SEROPREVALENCE OF SWINE INFLUENZA A VIRUS CIRCULATING IN PIGS FROM SOUTHERN KADUNA, NIGERIA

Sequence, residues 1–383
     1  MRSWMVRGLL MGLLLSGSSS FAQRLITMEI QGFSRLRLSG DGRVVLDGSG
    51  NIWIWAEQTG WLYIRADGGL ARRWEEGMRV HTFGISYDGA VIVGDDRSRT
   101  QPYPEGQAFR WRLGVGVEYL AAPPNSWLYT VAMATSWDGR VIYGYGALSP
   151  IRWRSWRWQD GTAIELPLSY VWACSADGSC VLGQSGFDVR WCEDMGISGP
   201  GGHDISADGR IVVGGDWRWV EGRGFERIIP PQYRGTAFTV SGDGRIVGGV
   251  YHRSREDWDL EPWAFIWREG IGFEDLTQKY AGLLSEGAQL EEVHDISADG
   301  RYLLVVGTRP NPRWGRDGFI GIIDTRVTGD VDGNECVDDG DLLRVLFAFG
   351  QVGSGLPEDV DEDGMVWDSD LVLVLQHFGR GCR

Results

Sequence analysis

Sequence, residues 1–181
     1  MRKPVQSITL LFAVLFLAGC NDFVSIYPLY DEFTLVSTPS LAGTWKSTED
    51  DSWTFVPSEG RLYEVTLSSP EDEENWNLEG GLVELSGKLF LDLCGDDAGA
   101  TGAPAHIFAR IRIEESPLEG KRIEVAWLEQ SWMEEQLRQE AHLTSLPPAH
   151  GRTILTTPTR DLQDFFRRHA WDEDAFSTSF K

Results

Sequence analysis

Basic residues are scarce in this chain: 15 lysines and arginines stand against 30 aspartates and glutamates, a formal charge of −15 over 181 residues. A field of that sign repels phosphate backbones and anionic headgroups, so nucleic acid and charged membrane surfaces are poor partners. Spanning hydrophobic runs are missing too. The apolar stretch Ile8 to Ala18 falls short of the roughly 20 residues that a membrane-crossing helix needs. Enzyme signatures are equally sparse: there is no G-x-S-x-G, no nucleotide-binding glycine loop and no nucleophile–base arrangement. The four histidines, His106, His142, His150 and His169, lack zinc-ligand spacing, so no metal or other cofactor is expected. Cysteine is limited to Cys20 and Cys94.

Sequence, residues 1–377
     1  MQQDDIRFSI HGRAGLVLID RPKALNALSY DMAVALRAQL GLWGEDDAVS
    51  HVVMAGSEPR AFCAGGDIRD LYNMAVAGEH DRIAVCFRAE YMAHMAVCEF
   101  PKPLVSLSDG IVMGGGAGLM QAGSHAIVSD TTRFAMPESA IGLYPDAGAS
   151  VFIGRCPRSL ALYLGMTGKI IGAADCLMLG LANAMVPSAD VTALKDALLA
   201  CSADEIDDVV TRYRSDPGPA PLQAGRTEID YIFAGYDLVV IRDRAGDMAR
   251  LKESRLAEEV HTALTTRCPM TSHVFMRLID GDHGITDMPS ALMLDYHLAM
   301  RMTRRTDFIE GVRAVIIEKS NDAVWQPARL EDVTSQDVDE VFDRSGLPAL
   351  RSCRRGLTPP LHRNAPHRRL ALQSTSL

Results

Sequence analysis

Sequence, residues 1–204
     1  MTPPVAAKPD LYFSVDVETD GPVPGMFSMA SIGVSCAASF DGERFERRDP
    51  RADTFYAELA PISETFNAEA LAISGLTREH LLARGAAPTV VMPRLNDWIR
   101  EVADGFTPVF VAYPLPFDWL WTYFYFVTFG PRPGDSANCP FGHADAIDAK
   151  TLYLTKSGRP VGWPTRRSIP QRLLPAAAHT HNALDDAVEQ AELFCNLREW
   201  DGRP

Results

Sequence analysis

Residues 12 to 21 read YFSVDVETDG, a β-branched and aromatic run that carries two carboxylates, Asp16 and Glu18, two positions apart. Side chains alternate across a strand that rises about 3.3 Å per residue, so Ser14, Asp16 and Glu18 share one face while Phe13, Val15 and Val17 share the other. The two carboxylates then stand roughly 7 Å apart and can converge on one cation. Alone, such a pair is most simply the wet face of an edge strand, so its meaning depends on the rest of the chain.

Influenza virus is shared between humans and swine since the 1918 Spanish flu pandemic. It is a virus of public health implication. Pigs play an important role in the ecology of Influenza as the mixing vessel for the emergence of a novel pandemic strains. Three factors supporting the mixing vessel hypothesis are: susceptibility of swine to avian and human viruses; reassortment of swine/avian/human viruses’ occurring in pigs which can transmit reassortant influenza virus to humans through occupational exposures. This study provides information on the serotypes of some influenza virus in the pig market in Kaduna State. A total of 305 samples were collected from December, 2017 to early February and in June, 2018. Rectal temperature before slaughter was recorded and blood were collected from exsanguinated pigs at Katsit slaughter slab. Serum were separated and kept at -20°C until further analysis. The sera were tested for swine influenza by competitive ELISA. The result showed overall seroprevalence of 28.20% (n=86). Of this, male animals’ represented 9.84 % and the female 18.36% of the total percentage. The breakdown results for each month was as follows: [December; 11 positives (3.61%), January; 22 positives (7.21%), February 20 positives (6.56%), June; 33 positives (10.82%)]. This study showed that Swine Influenza A virus is in circulation among pigs in Southern Kaduna with prevalence peaking at two seasons which coincides with the harmattan in January and the onset of rains in June. The high prevalence means possible transmission of the virus to humans who interface with Swine. There was no correlation between the influenza status and the sex of the swine under study. Also temperature distribution does not show difference between sexes, although there appears a slight difference in temperature distribution between statuses.